You can use Trello to track anything from personal tasks to professional projects to event planning, but here are a few real-world examples to get you started.

Using Trello to Manage a Home Renovation

Let's say you're planning to renovate one or more rooms in your home. If you've ever survived a renovation, you know there are lots of moving parts, and plenty of surprises, no matter how carefully you prepare. Organizing all the decisions you need to make in Trello, can help keep the project on track. Let's say you're planning a kitchen renovation. In this case, you could create a board called Kitchen Renovation, and then add lists dedicated to each element that you're replacing.

The Kitchen Renovation board can include lists for:

  • Potential contractors
  • Each appliance that you're replacing
  • Cabinetry
  • Countertops and backsplash
  • Flooring
  • Plumbing
  • Electrical

The cards for each list would include the dimensions, budget, and must-have features, as well as any models that you're considering. Cards for plumbing could include pipe replacement, new water line, as well as the estimated price, and related concerns, such as water shutdowns. You can easily attach images of the materials and appliances that you're considering, and link to product listings so you can price shop. Once you make a decision, you can use labels to name or color code the product or material. 

Finally, for each card, you can create checklists. For example, a refrigerator card could have a checklist that includes the disposal of the old refrigerator and installing a water line for the icemaker.

If you're renovating several rooms, just create a board for each one, and list out everything you need to consider; continually add lists and cards and move elements around as needed.

Invite other family members to your boards, and assign them cards to distribute the necessary work, such as product and pricing research, scheduling, and other logistics. Trello has a public home renovation board that you can copy to your own account.

Planning a Vacation with Trello

Traveling with several family members or friends can quickly get complicated. Use Trello to choose a destination, plan activities, and schedule transportation. In this case, you could have one board that contains possible places to visit, and another for the trip once you've decided where to go.

The Trip board can include lists for:

Under the potential destinations board, you would create a list for each place, with cards for travel time, budget, pros/cons, and any other considerations. The lists in the trip board would include cards for airlines, rental cars, notable cuisine in the area, and attractions such as museums, shopping, and neighborhoods to explore. If you decide to go on a cruise, you can create lists for things to do onboard and for the planned stops, as well as the transportation necessary to get to the ship. Use labels to indicate chosen items, or to highlight contenders after you've narrowed your choices down. Add checklists to cards for booking and scheduling tours or cruise events. Trello also has a public vacation board that you can use as a starting point.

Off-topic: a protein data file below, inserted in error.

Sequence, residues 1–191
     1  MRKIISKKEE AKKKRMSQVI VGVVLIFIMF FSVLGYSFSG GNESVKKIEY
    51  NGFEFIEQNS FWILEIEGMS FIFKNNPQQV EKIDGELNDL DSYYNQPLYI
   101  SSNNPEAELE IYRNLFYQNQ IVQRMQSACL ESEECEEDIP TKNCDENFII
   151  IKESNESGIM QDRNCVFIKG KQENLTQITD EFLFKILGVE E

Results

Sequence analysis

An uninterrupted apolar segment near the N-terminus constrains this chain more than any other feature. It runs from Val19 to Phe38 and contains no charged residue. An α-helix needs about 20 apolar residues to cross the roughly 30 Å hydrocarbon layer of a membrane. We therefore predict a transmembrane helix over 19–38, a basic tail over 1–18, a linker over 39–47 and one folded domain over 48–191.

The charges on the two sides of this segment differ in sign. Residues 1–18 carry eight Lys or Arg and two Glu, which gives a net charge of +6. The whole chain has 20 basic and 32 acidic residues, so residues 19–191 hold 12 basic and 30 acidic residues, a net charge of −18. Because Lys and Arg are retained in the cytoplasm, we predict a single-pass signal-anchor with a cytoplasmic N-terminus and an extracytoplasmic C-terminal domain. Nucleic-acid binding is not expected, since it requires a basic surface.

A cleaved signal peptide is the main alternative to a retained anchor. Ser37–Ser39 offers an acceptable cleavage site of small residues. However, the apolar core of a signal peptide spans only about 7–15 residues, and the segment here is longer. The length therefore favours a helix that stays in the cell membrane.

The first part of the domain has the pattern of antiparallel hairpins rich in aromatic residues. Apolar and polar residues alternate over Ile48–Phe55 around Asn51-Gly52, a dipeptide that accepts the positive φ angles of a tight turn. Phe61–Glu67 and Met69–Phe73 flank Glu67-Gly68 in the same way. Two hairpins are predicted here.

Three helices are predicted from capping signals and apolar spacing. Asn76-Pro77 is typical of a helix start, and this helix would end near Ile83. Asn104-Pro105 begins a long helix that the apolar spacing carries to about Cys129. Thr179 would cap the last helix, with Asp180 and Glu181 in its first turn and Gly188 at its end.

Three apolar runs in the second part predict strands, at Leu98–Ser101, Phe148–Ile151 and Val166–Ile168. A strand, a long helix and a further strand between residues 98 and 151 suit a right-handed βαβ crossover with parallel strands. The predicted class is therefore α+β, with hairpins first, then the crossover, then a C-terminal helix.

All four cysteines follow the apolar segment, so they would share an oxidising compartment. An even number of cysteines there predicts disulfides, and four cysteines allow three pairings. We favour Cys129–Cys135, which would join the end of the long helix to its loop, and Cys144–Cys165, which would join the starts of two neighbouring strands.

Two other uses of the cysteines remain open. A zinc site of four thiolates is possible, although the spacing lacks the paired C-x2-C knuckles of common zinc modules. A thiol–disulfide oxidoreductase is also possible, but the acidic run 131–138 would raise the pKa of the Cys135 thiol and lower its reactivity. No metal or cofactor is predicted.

Tracking Personal Goals and Projects

Whether you're looking to clean out the clutter in your home or garage, take up a hobby, or exercise more, you can easily track it in Trello. Create boards for New Year's resolutions, or for multi-step projects, such as attic cleanout or home office organization. 

For a resolutions board, create a list for each resolution, and then cards for how you can implement them, such as joining a gym, going for daily walks, or buying home exercise equipment. Use the lists on a personal project to break down the big tasks, with cards for sub-tasks. For example, a spring cleaning board could include lists for rooms and other areas of the home. Lists would have cards for associated tasks, such as cleaning supplies needed, an inventory of items you want to sell, donate, or throw out, and tasks you want to outsource such as window cleaning or tree removal.

Managing a Freelance or Consultancy Business

Finally, if you run your own business, Trello can be your top-notch assistant. Boards can represent projects, with lists for each stage or milestone, and cards for related tasks. Freelance writers can use Trello to manage story pitches and published works. 

Let's say you have a project board for a website redesign. Your lists could include important tasks, such as hiring a designer and other important roles as well as milestones, such as choosing a color scheme, managing layouts, and getting approvals along the way. Cards would include proposed color schemes and layouts, and the steps needed to prepare for meetings. A freelance writer could have boards for story ideas, publications, and marketing. Lists can represent stages, such as in process, submitted, and published, or you can use labels to do that. 

Trello is a simple, but powerful tool, and it's worth spending some time tinkering with it. If you're not sure where to begin, browse through Trello's user community, which includes public boards that you can copy to your account.